and have given me insight over the years.
– from the first chapter -“Praise for the Gift of Encounter”
Jean Vanier is the son of former governor general Georges Vanier, and founder of L’Arche, an international network of communities for people with developmental disabilities. He has written a number of books, including Becoming Human (the 1999 CBC Massey Lectures),
Finding Peace, Made for Happiness, Encountering the Other,
and Befriending the Stranger.Jean lives in Trosly-Breuil, France.
His Wikipedia Bio:
Review by Wayne Holst
It is now more than fifty years since I first met Jean Vanier while a graduate student in ecumenical studies at Bossey, near Geneva, in Switzerland. Two of my associates at the time were Steve and Anne Newroth, who had recently spent a year at the fledgling community north of Paris called L’Arche. They went on to found the first L’Arche community in Canada, located north of Toronto in Richmond Hill ON.
Steve is a member of Colleagues List and he put me on to the
publication of “A Cry is Heard”. Several weeks ago he informed
me from Bracebridge, ON that he and Anne had visited Jean,
that he was aging, but still sharp, and still most hospitable to
visitors in his home in Troisly-Breuil. Marlene, my partner and
I last visited Jean ten years ago in his living room and he seemed much the same as the Newroths found him this autumn!
I have two prized pictures near me as I write. The first is a
picture of Jean, speaking years ago in Toronto. The second
is a picture of Jean when he visited four Canadian graduate
students at Bossey, during December of 1967. (Jean, Steve,
Wayne, Richard and Larry.) These pictures connect me with
friends from more than a half century ago. Once I had studied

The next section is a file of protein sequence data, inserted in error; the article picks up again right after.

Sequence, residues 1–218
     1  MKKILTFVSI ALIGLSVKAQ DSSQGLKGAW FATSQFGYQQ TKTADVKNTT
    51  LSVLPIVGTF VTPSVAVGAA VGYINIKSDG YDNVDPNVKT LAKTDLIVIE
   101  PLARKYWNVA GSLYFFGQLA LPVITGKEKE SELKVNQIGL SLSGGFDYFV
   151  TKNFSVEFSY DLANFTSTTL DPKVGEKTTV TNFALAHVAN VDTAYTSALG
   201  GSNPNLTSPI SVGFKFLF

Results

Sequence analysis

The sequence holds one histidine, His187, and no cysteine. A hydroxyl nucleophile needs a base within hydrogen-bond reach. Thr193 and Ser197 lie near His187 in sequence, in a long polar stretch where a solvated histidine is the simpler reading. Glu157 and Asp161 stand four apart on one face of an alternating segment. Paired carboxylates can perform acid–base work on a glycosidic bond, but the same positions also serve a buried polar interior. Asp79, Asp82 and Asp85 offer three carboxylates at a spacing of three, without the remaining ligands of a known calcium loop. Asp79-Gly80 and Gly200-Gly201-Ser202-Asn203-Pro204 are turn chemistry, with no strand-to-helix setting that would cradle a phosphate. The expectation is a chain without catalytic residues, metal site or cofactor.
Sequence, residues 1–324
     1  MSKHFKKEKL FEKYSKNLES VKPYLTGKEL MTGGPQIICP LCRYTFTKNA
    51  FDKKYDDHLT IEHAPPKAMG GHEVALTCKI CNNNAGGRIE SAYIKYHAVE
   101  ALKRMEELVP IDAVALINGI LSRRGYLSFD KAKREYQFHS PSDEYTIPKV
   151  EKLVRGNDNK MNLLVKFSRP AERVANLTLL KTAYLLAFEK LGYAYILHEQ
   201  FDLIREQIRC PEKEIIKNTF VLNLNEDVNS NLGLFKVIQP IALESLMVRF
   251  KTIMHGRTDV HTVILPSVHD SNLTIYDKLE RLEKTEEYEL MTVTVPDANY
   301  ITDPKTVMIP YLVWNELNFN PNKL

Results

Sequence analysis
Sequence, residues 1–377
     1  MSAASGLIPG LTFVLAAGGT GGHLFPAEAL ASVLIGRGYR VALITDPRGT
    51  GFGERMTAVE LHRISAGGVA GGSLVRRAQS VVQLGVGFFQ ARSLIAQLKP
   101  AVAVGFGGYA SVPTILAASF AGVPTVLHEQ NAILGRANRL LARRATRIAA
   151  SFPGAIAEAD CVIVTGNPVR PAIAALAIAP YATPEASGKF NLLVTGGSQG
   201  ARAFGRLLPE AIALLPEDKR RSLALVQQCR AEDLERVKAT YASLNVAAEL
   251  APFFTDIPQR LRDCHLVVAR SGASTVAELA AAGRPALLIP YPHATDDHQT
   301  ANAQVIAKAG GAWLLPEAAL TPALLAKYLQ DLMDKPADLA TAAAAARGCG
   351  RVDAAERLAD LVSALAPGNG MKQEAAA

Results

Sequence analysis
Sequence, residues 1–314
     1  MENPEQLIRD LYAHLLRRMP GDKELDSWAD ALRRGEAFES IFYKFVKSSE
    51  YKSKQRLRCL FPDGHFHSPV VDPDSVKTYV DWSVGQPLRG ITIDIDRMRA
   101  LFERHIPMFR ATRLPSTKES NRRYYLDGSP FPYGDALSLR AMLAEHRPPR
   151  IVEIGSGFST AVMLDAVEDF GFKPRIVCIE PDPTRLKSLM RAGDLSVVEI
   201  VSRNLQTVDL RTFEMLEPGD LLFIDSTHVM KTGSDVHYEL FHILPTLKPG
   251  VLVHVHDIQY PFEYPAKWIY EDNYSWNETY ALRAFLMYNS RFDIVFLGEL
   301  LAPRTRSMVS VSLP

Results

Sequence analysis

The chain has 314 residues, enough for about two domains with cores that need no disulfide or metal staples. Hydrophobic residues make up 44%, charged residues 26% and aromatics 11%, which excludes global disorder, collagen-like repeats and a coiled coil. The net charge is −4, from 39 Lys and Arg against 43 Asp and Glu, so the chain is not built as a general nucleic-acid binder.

in Bossey and met people from L’Arche, I returned to Canada
a changed person.
I hope you don’t mind this preface to my comments about Jean’s latest (of many) and perhaps last book. I apologize for providing only a British publisher, but hopefully the volume in question will soon be published in North America.
Because of Jean’s nature, he was not inclined to write a personal biography or spirituality. His focus has always been on learnings from the community of L’Arche, in France or beyond France. If I had not learned the following from Steve, I would have never known that Jean was recently visited by the wife of the president of France. He would simply not mention it.
I find many new insights, experiences and events tucked away in these short 46 vignettes making up the book. (A sad example is the fact that, after he died, Pere Thomas, a key mentor of Vanier’s and of L’Arche, was reported to have abused a number of trusting women who had been close to him. I honour Jean in reporting this in the book because it surely hurts him deeply.)
This book is written much like Jean would speak. It contains the memories of a old man who is still a keen communicator; but time does take its toll.
If you want to read the closest you will ever get to a Vanier autobiography, this is it. Other books may tell it better, but you will never get a more authentic first-hand report.
Thanks, colleague Steve Newroth, for letting me know.
Buy the book from mazon.ca: